Author: Paul Moody
For the past two years, the discussions about what happens after the British leave the European Union (EU) have naturally focused on the British perspective – often at a fairly abstract level. But that’s only part of the story.
The reality is that after 45 years as part of Europe’s common market, not only is British business tightly integrated with business on the continent, continental business is also integrated with the United Kingdom (UK). In fact, more than one-half of the UK’s exports and imports are now intra-European. This means that whatever happens to British supply chains in the UK on March 29, 2019, will also happen to a lesser extent to those of its EU trading partners. In other words, if you’re a continental manufacturer, it’s your Brexit too.
Of course, we have 17 or 18 weeks before the deadline, and the impending crisis could still be postponed or even resolved. However, given the negotiators’ performance in the past two years and the current differing views in the UK Houses of Parliament, it’s hard to imagine a deal being worked out, so come March 29, those parts you usually get from Birmingham will be stuck in a lorry on the wrong side of “La Manche.” To head off a crisis, risk-conscious companies have been building up inventories during the last weeks and months. A number of pharmaceutical companies, for instance, have as many as six weeks of additional safety stock. But in many businesses, it’s not that easy to decide what to stockpile, especially in the case of fabricated goods, such as motor vehicles where the different plastic compounds, components, subassemblies, assemblies and finished vehicles may cross the channel multiple times before becoming a finished product and sold to the end user.
So what should you do NOW, before it is too late?
Review your current supply chain to identify touch points with the UK. This may take some digging; as noted above, complex products often make multiple trips. Your subcontractors may not even know the origin of some of their components.
Identify alternative routes for shipment. In the event of a “hard Brexit,” the main ports are expected to be backed up for days or weeks until officials can sort out a new mode of operation. Investigate other delivery possibilities, including the option of bypassing the UK altogether if your supplier has operations in Ireland.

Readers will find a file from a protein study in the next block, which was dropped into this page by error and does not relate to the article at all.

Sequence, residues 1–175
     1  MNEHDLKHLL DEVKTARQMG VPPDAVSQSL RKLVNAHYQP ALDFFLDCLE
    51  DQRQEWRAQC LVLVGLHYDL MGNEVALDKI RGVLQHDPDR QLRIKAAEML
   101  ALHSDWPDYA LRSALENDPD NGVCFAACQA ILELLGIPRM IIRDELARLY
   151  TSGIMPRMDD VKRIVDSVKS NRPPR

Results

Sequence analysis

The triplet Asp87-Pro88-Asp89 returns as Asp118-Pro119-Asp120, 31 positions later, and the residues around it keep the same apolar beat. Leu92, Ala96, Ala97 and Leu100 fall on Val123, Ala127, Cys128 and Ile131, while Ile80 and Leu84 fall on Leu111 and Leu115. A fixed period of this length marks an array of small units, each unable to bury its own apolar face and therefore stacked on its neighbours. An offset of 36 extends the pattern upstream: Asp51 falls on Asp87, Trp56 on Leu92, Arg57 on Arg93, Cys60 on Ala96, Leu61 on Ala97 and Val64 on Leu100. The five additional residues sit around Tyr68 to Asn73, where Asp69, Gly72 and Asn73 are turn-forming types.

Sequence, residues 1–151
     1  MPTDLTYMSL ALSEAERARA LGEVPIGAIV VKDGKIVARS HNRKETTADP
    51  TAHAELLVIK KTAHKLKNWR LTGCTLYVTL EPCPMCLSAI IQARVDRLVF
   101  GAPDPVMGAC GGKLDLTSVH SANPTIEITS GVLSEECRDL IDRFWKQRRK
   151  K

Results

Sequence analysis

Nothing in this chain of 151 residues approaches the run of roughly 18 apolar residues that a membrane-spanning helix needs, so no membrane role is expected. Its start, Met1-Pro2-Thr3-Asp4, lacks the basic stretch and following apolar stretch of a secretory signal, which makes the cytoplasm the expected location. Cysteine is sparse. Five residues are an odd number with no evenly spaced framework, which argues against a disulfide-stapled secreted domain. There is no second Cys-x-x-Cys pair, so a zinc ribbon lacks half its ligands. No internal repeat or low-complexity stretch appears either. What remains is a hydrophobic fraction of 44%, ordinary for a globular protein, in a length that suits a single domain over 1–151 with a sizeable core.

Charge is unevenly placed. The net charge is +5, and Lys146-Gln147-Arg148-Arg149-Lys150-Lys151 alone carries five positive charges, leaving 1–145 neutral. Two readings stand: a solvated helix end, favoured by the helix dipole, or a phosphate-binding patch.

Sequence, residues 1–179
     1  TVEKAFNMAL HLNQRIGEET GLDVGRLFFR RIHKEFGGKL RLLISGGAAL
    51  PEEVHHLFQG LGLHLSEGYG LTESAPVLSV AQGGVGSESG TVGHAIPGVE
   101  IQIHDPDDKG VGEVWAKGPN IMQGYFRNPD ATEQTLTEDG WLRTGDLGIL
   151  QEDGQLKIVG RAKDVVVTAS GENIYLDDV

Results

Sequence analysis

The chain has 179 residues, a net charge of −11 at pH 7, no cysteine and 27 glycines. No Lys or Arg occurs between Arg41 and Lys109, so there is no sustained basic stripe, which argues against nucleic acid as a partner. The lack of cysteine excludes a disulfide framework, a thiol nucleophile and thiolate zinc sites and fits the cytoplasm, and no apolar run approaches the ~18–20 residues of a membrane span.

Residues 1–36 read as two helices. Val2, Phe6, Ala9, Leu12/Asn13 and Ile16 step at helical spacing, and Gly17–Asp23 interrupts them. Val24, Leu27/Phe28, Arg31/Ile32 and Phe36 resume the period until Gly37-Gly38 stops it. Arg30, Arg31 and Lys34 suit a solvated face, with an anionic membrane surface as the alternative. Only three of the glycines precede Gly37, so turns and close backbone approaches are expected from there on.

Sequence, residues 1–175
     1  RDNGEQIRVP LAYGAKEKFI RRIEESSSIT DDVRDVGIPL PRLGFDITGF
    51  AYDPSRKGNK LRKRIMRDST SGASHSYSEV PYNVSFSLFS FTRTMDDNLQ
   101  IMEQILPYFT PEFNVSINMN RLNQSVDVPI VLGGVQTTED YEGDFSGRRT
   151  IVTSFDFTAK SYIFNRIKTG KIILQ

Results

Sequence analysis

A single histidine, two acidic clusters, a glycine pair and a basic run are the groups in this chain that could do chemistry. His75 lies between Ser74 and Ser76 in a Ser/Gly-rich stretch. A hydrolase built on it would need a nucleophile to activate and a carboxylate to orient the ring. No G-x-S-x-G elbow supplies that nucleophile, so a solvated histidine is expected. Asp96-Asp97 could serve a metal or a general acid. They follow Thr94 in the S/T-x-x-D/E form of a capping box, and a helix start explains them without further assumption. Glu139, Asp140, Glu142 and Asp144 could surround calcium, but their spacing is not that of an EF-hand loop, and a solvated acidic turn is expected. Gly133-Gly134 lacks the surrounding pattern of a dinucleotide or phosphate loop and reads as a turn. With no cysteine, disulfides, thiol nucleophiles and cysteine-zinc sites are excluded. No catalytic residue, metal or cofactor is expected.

Communicate with your suppliers. Conduct due diligence on each of your supplier’s Brexit readiness and their plans for business continuity management. Suppliers at most risk are likely to be smaller organisations for which Brexit poses financial and regulatory challenges that cannot be immediately resolved with existing resources. If the answers aren’t reassuring, you should rapidly identify alternative suppliers with less UK exposure.
Set a safety stock target. Decide how much extra inventory you will need to avoid a shutdown. Conservative estimates are about four weeks of buffer stock, but in certain cases, as many as six weeks may be prudent. At the same time, you will want to earmark a budget specifically for managing your Brexit challenge, taking into consideration not just the added inventory costs and working capital needs, but the additional logistical, legal and accounting expertise required to avoid this disaster.
Appoint a Brexit coordinator. In the 4.5 decades that the UK has been a part of the EU, thousands of regulations have grown up around the conduct of cross-channel business. As the UK’s gates close, keeping up with the new treaties and last-minute political improvisations to cope with the fallout of that shift will demand constant vigilance.
Finally, even when the present crisis passes, it will be important to take a clear-eyed view of the country the UK is becoming. The globalist Cool Britannia of the ‘90s and noughties is a thing of the past. Even if a hard Brexit is averted, populist politics will continue to be a part of British business. Before forming partnerships or opening facilities in the UK, you will need to take the same kind of close, skeptical look previously reserved for other markets, such as France, Greece or Hungary, where politics often take an active and sometimes destructive interest in economic life.
Otto von Bismarck said that politics is the art of the possible. Unfortunately, sometimes it’s also the art of the impossible. At the moment, policymakers in London and Brussels are struggling to transform what was largely a protest vote against the modern European economy into workable policies – so far with little success.
In the meantime, business leaders don’t have an option but to stay focused on reality. Already a number of companies have announced plans to close facilities in the UK, citing the additional risks associated with Brexit as one factor that led to their decision.
Such a move will not be right for every manufacturer, obviously, but it’s indicative of just how seriously smart businesses are taking the risks posed by Brexit. In the end, whether the UK stays in, gets out or finds a way to stay just a little married, you will no longer be able to take its steady commitment to European trade for granted.
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About the Author
Paul Moody, Associate Principal, The Hackett Group
Paul Moody has more than 30 years of experience optimising working capital and supply chains, including consulting and operational roles in production planning and production engineering functions. He has operated across a wide spectrum of industrial sectors, geographies and cultures. As a “Brit” in Germany for more than 20 years, Paul is frequently asked to comment on the latest Brexit negotiations and guide The Hackett Group’s international clients in the pros and cons of operating supply chains that traverse “La Manche.”